It’s been a remarkable year for catering chef Tim Schroeder, 51. He remarried ex–wife Paulette, whom he divorced in 1999, and they became a family again with their two children. The next day, Tim returned to the site of the wedding and was enrolled as a soldier (member) of the Salvation Army corps (church) in Ann Arbor, Mich. During National Salvation Army Week, he received a ‘Doing the Most Good’ Award from the Washtenaw County Salvation Army for his volunteer work with a prison ministry program. And now he is the operations manager of the Army’s Staples Family Center.
The award was especially poignant for Tim because it was through a Salvation Army prison ministry six years ago in Florida that his life turned around during a 51–month incarceration.
“We wanted to bring attention to someone whose life had been totally transformed,” said Major John Williams, Washtenaw County coordinator, who serves with his wife, Major Dianna Williams. “We’re honored to have Tim as part of our membership,” John continued. “His smile and excitement about Christ go a long way when you see him talking with people.”
Tim Schroeder’s jailhouse conversion, new life in Christ, and subsequent ministry mirror the passion of the apostles. Just as they worked to save their fellow Jews first, Tim is committed to helping those who are physically incarcerated as well as those who are imprisoned mentally, emotionally, and spiritually through substance abuse. Often they’re the same people.
Jailed in more than one way
Like many of his fellow inmates, Tim had been a drug addict and alcoholic for many years. He had had short periods of abstinence after his first stint in rehab in 1990, but none of them had lasted more than a couple of years. In spite of his instability, Tim managed to stay clear of problems with the law until 2003, when he suddenly found himself facing three life sentences for attempted murder.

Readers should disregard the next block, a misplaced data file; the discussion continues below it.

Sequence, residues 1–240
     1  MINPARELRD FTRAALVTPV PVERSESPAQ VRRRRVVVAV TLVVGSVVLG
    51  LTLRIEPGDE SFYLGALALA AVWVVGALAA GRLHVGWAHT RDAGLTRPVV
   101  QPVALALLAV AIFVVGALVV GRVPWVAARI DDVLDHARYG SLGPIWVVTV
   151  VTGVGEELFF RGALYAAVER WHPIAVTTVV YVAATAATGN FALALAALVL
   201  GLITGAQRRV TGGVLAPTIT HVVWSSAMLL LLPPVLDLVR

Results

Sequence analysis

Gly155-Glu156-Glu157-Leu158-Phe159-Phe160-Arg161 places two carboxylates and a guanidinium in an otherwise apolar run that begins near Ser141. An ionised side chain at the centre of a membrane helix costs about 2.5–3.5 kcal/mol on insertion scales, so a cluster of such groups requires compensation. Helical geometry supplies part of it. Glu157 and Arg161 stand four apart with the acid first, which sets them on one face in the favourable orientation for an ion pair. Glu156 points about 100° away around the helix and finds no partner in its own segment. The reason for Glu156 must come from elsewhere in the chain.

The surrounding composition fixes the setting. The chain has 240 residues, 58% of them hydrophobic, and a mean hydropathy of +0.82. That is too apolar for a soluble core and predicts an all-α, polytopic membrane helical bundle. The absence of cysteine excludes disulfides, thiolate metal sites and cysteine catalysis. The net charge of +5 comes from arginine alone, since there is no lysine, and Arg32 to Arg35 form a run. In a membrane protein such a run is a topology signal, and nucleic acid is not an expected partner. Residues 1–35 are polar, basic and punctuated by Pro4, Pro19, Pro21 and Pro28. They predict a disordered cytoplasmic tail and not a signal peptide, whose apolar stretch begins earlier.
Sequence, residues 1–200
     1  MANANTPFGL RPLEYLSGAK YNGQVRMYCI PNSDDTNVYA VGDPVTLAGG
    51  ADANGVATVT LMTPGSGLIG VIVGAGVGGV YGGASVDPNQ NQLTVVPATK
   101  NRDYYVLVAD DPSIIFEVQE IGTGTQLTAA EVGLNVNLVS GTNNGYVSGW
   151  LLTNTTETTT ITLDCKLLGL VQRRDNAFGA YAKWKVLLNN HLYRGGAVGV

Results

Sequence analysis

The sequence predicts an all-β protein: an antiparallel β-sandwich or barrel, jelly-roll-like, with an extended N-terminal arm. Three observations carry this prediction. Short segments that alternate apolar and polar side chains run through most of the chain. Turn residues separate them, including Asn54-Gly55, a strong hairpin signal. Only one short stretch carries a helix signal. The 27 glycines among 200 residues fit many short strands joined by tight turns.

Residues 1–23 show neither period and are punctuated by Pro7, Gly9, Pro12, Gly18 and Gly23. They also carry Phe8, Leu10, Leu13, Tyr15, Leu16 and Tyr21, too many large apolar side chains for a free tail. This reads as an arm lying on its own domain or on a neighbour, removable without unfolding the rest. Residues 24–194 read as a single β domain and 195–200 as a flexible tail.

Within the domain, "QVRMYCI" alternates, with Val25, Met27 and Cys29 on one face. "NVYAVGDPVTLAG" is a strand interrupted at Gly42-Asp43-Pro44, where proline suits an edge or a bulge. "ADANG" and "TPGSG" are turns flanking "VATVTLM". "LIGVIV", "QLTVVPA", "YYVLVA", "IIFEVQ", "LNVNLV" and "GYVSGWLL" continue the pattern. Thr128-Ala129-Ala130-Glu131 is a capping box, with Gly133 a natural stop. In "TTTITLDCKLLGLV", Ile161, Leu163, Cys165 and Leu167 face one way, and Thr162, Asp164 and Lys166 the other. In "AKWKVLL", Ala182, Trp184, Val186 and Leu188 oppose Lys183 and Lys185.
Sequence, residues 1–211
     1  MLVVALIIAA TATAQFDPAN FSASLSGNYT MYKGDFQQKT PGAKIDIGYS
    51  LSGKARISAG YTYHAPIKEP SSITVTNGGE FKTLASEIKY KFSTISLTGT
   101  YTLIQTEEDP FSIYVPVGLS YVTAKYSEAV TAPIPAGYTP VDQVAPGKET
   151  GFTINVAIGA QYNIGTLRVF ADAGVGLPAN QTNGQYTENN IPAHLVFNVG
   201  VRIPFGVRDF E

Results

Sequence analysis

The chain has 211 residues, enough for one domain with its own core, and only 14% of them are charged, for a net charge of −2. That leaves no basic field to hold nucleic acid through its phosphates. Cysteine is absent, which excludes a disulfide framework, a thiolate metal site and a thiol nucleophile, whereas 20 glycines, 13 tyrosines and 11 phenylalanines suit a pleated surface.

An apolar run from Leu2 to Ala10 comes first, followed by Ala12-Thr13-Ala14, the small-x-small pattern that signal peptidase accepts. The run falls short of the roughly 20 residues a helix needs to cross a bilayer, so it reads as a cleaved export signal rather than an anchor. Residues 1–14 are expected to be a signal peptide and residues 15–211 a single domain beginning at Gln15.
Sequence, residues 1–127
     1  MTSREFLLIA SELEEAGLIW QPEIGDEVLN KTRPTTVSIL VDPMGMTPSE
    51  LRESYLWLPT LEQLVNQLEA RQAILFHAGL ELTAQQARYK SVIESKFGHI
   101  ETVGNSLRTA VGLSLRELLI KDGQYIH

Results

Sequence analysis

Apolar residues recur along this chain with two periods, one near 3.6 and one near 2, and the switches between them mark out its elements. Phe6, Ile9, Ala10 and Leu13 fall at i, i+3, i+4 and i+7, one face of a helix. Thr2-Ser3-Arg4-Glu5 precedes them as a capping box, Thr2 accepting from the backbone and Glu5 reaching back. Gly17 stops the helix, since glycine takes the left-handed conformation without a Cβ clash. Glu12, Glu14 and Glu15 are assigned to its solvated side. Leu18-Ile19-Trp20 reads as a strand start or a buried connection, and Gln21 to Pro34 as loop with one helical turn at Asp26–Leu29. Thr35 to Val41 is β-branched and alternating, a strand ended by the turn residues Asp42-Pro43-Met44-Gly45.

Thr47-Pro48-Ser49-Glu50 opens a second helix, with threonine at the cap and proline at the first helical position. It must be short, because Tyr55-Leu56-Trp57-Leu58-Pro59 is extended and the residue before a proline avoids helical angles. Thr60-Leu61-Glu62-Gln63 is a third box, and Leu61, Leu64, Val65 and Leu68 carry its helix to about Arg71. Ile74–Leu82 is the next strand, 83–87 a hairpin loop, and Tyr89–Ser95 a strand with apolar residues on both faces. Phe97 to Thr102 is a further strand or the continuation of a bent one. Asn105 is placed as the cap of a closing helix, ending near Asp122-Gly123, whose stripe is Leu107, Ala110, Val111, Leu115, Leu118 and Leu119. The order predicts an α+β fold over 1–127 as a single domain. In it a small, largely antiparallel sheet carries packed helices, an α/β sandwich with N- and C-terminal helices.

What had begun as a domestic dispute between Tim and a girlfriend escalated when he pointed a loaded gun at her head. She called the police. Tim took a shot at a neighbor who got involved, then fought with police when they arrived on the scene. Tim still has a copy of the police mug shot taken of him that night—his bruised, puffy face reflects the depth to which he had sunk.
“Satan had me right where he wanted me—behind bars without hope,” recalls Tim. While he was awaiting trial, a Salvation Army volunteer named Jimmy Garrett faithfully came to the Marion County jail every Monday to lead a Christian recovery class. Jimmy used a workbook called “Walking the 12 Steps with Jesus Christ” from Christian 12 Step Ministry. (See sidebar.)
Tim knew little about Christianity or any other religion. His parents had never even said they loved him, let alone taken him to church, where he might have found God’s love. Tim had learned about a “higher power” through several 12–step programs. After each rehab attempt, however, no higher power had stopped Tim from slipping back into his old behaviors. But he decided to give this program, which defined its higher power as Jesus, a try.
As the light of God’s truth began to burn through Tim’s mind, it illuminated unexpected areas of his life. It was painful for him to realize how self–destructive he had become.
“I was full of fear, shame, guilt, and insecurity—all stored up since childhood,” Tim said. “Out of desperation, I tried something I’d never tried before. On May 5, 2003, I made a commitment to the Lord to seek Him and His will for my life. I found what had been missing in my recovery program—the higher power of Jesus Christ.
“Things didn’t change right away—I was too full of junk. But, that’s why we go through the 12 steps, to rid ourselves of junk so we can be filled with His goodness,” Tim added.
Tim believes it was divine intervention that spared him from spending the rest of his life behind bars; the court couldn’t find the neighbor at whom Tim had fired the gun. Two of the six felony charges were dropped; by pleading guilty to the others, he received a minimum sentence.